Written by Pollo Misterioso
I don’t fully understand the desire to return to high school. I actually enjoyed high school, but that doesn’t mean that I want to re-live being a teenager, it’s just so awkward. But films will continue to be made, all with the premise of returning to the past to change something. 17 Again is no different, although the modern twist on an old story doesn’t make it as enjoyable as I remember.
We begin in 1989 with Mike O’Donnell (the young version played by Zac Efron) shooting hoops, getting ready for the big game that could get him a scholarship to college. When he finds out that his high school girlfriend is pregnant, he walks out of the game and we flash-forward to the present-day Mike (Matthew Perry). Now his life is a mess—no job promotion, on the verge of a divorce and no relationship with his kids. Paying homage to It’s a Wonderful Life, Mike runs into an old janitor that magically transforms him into his 17-year-old self. It is then up to Mike to figure out what he needs to do to transform back.
The modern high school is shown as a breeding ground for disrespectful, sexually overactive teenagers. Not to say that this is not what all high schools are like, but 17 Again chooses not to show anything about going back to high school. Mike doesn’t want to relive high school to change his future; instead he realizes that this is the time to reconnect with his kids and to somehow win his wife back.
It is most humorous when young Mike interacts with his wife (Leslie Mann). She swears that he looks like her husband and the flirtation that plays out is almost uncomfortable but it works. Also, for those Zac Efron fans out there, he even dances and plays basketball in the film. I don’t know if he will ever grow out of this High School Musical role.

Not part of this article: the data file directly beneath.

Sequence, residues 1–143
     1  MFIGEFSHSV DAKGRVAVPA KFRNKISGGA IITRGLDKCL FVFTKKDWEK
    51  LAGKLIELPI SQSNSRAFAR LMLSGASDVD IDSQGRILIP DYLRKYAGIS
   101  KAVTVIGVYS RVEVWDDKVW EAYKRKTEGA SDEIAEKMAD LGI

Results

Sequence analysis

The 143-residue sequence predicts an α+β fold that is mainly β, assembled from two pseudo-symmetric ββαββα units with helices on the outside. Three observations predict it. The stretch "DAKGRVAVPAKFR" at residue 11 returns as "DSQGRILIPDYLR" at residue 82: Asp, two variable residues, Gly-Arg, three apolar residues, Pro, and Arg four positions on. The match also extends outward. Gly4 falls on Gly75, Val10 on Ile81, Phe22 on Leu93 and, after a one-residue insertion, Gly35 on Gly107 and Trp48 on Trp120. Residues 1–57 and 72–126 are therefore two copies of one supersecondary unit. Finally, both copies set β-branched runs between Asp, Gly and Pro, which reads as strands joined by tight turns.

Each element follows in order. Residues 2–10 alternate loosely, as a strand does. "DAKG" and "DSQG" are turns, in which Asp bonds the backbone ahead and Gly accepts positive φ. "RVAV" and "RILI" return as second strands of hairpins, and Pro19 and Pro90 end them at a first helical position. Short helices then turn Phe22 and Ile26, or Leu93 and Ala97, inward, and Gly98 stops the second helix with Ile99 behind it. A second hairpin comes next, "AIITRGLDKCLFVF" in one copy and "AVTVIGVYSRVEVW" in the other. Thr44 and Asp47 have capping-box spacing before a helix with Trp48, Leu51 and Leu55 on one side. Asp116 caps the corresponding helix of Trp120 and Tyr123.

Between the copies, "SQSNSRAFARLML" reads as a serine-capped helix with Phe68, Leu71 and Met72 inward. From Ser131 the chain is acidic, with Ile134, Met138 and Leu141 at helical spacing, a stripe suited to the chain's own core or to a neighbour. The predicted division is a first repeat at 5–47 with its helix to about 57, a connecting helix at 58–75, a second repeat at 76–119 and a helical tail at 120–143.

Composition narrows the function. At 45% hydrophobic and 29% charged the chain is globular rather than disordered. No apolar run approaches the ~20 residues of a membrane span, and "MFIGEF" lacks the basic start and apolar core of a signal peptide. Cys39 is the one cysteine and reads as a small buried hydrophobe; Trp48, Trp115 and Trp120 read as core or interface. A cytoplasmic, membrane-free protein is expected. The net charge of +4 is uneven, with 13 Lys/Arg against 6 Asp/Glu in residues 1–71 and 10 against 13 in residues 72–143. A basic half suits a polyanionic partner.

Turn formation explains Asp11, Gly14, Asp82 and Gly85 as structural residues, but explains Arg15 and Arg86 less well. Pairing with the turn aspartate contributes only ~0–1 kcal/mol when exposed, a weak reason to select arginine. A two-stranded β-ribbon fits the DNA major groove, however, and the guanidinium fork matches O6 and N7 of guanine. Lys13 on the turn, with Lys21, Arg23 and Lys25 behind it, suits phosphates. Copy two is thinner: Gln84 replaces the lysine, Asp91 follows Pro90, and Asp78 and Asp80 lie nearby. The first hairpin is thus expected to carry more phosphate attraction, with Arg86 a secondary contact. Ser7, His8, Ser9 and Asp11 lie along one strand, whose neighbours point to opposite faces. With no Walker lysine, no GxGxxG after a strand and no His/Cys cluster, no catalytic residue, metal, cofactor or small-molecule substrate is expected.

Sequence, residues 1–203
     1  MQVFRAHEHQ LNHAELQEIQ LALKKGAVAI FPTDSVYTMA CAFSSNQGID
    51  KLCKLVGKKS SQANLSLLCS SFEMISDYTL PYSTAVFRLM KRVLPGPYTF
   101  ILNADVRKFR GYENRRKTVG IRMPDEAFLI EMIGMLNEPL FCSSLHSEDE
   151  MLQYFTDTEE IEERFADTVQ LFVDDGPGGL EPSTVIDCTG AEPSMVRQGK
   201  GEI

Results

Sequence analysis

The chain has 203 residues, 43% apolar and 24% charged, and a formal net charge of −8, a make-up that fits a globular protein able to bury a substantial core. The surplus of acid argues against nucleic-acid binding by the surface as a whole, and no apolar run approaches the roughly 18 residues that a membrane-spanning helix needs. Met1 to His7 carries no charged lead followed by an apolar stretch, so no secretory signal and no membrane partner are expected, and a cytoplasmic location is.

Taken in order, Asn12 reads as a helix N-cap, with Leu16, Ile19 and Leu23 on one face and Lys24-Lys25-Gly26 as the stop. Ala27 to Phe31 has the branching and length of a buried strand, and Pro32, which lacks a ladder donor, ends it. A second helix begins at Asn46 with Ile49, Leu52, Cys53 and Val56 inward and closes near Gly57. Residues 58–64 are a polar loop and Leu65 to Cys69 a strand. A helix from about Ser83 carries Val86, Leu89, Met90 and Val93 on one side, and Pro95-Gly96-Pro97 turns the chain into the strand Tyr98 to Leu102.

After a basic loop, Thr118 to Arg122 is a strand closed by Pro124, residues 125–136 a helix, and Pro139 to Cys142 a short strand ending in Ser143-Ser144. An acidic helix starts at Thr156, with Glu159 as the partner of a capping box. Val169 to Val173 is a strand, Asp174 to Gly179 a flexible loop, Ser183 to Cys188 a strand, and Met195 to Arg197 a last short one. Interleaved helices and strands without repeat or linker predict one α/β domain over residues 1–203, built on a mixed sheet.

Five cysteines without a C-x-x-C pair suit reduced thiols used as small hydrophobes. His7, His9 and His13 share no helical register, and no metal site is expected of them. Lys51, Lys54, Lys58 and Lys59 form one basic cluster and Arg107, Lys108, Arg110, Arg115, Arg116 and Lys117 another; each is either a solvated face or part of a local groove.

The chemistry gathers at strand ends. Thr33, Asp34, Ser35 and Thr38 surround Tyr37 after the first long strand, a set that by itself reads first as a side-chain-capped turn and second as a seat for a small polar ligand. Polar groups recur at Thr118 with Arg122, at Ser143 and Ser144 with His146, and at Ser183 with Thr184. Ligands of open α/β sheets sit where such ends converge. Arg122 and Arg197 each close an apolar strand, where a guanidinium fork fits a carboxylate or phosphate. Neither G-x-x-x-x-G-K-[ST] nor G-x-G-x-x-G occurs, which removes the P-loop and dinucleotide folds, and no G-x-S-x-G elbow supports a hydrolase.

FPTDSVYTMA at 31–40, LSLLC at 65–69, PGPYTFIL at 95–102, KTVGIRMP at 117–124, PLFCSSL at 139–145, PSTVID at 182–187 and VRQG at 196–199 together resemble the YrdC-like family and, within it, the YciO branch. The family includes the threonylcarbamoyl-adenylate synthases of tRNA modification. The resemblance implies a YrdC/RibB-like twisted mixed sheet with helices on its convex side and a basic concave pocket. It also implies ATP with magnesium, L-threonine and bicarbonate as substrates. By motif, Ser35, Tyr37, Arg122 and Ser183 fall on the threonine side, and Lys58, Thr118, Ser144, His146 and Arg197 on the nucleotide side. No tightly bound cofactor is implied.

The fun of movies like this is to see our character react or interact with his new surroundings. The film fails to capture the heart of being a teenager, only making jokes to how fast their metabolism is and how they can exercise easily. Although young Mike does have an inside view into his kid’s lives, their interaction is very sterile and unbelievable. He coaches his youngest son at basketball, while he still gets to take the glory of being a better player and he preaches to his daughter about making bad choices. If he gets to be 17 again to connect with his kids, the relationships seem forced.
When Mike finds himself back where he started, he realizes that he had made the right choices, he was just absent from most of his life. Now he gets the chance to pay attention. Mike’s inside look into the lives of his kid’s and wife is an interesting twist on an old idea. But the fun of watching films like this is missing because our lead actor isn’t having fun. There is no use in re-living high school for that.
The DVD includes Widescreen and Full-Screen options, along with language choices. Bonus features are not included.